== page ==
Running the Race

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Unless something changes in the next week or so, Steamboat Springs voters will have few choices in November's City Council and School Board elections.

Based on filings through Tuesday, only two of the four City Council races will be contested. None of the three School Board races will be.

Contested races offer the chance for substantive debate on the issues and give voters a true chance to affect the future direction of their city government and school district. Voters have no greater tool for holding elected officials accountable than the ballot. But when there are no decisions to make, the power of that tool disappears.

Individuals have until Aug. 29 to file their candidacies through petitions. It would be disappointing if more candidates don't emerge.

On the City Council, residents of District I and District II will have choices. Incumbent Bud Romberg will face challenger Susan Dellinger in District I, and Kathi Meyer and Marcus Williams will vie for the seat being vacated by Arianthe Stettner in District II. Incumbent Paul Strong is unopposed in District III. Incumbent Steve Ivancie is the only candidate to announce for the at-large seat on the council.

We shouldn't be surprised by what has happened on the School Board, which has not had a contested election since 1997. This year, incumbents Paul Fisher and Tom Sharp have decided not to run. Incumbent Pat Gleason has announced he will run again in District 4 and so far, he is unopposed. Jeff Troeger has announced for Fisher's District 2 seat. No one has filed for Sharp's District 5 seat.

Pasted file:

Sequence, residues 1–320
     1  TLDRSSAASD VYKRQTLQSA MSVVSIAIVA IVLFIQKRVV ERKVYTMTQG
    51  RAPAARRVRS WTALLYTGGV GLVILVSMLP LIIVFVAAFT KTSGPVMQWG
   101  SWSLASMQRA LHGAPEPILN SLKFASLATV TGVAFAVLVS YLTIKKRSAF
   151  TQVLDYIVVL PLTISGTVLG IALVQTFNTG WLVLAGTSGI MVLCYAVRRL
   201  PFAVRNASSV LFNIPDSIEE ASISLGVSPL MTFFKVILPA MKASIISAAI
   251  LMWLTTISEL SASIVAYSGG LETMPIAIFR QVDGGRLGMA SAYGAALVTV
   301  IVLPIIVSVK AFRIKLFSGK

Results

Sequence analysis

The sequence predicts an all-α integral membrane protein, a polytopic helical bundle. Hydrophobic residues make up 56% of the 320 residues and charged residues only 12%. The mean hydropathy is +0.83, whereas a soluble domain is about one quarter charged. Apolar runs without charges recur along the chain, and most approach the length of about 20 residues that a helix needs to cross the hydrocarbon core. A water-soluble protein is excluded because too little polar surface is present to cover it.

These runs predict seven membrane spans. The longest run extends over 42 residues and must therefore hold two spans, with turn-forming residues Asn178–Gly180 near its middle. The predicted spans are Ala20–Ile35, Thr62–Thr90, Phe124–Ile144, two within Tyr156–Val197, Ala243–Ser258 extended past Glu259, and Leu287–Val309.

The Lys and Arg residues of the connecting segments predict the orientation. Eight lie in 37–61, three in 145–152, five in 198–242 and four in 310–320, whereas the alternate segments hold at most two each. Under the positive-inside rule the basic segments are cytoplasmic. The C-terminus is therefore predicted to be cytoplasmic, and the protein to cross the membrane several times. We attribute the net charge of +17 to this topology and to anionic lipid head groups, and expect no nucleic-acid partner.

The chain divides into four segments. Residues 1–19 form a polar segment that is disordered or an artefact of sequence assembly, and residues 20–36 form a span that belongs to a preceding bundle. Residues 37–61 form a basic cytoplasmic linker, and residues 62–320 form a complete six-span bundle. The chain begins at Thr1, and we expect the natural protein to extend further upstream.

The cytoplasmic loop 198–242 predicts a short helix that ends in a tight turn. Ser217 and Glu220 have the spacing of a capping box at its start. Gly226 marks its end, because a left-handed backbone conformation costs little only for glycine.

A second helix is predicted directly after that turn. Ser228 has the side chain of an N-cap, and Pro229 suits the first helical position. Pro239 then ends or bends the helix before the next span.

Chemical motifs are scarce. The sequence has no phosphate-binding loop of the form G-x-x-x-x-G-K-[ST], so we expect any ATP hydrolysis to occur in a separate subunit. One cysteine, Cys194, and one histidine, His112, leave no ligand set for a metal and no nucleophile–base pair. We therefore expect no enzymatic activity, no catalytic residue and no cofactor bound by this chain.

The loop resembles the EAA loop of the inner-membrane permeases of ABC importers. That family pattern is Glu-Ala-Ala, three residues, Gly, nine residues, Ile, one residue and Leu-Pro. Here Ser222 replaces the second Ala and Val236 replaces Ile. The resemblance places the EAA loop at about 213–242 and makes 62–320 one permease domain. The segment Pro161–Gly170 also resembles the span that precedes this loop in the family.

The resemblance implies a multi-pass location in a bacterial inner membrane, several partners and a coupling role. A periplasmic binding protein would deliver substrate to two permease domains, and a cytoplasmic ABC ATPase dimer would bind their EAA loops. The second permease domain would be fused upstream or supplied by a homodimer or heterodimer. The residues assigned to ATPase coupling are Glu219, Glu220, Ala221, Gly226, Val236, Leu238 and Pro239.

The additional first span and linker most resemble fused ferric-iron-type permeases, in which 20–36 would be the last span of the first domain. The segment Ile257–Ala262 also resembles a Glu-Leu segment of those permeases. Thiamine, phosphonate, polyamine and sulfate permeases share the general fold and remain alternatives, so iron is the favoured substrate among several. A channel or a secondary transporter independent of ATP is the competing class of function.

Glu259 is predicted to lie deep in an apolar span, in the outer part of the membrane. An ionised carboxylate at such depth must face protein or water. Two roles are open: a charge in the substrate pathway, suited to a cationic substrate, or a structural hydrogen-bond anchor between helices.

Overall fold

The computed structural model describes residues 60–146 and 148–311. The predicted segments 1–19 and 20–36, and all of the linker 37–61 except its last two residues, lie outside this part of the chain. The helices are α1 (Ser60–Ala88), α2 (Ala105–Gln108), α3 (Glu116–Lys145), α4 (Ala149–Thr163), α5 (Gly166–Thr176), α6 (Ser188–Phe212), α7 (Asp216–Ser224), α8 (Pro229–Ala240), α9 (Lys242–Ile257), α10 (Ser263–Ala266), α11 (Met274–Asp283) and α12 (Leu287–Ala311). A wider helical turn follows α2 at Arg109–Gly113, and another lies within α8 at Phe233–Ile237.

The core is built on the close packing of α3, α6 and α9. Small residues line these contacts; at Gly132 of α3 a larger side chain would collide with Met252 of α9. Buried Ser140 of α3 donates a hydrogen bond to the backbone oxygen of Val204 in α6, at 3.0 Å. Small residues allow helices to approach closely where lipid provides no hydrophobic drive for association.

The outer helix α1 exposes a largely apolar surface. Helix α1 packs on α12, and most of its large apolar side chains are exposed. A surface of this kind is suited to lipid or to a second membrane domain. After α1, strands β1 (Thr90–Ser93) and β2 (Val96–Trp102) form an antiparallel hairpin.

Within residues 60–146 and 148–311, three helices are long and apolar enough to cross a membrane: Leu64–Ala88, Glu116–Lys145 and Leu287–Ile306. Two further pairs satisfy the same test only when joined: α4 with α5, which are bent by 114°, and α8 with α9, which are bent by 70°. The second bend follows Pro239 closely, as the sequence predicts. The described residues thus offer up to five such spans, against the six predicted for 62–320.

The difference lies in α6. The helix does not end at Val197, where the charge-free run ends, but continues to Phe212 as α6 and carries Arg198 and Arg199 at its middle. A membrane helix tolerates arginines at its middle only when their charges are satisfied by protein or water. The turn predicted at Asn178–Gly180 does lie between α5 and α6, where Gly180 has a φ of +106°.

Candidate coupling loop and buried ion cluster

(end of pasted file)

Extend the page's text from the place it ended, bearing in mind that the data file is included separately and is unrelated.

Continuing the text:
Serving on the City Council or School Board is not for everyone. The time commitment is significant and the pay is lousy. Politically, it is safer to stay on the sidelines. But there is no better way to affect change in the community.

Criticism of City Council and School Board is a freedom we all enjoy and a healthy aspect of our democracy. But it is disappointing when the most frequent critics don't offer alternatives.

The Community Alliance of the Yampa Valley has challenged the city repeatedly on growth and other issues and a representative of the organization often speaks at City Council meetings. That organization has failed to put forth a candidate.

The Citizens for Education Political Action Committee, formed specifically to raise money to elect a new majority on the School Board, has been openly critical of the decisions the current board has made. With Sharp and Fisher stepping aside, the group's path to election seems clear and the organization still contends it will run candidates for each seat. Yet, as of Tuesday, no one from the group had even picked up the paperwork required to file.

No one from Steamboat Springs Montessori, which has fought the School Board for the opportunity to establish a Montessori charter school here, has stepped forward.

There is still time. Perhaps there are potential candidates weighing their options. Perhaps others are waiting to see who will announce before making a final decision.

Let's hope that is the case, that there are at least two more City Council candidates and four more School Board candidates. Only then will all voters in the community have the chance to choose, rather than accept, who represents them on the School Board or City Council.

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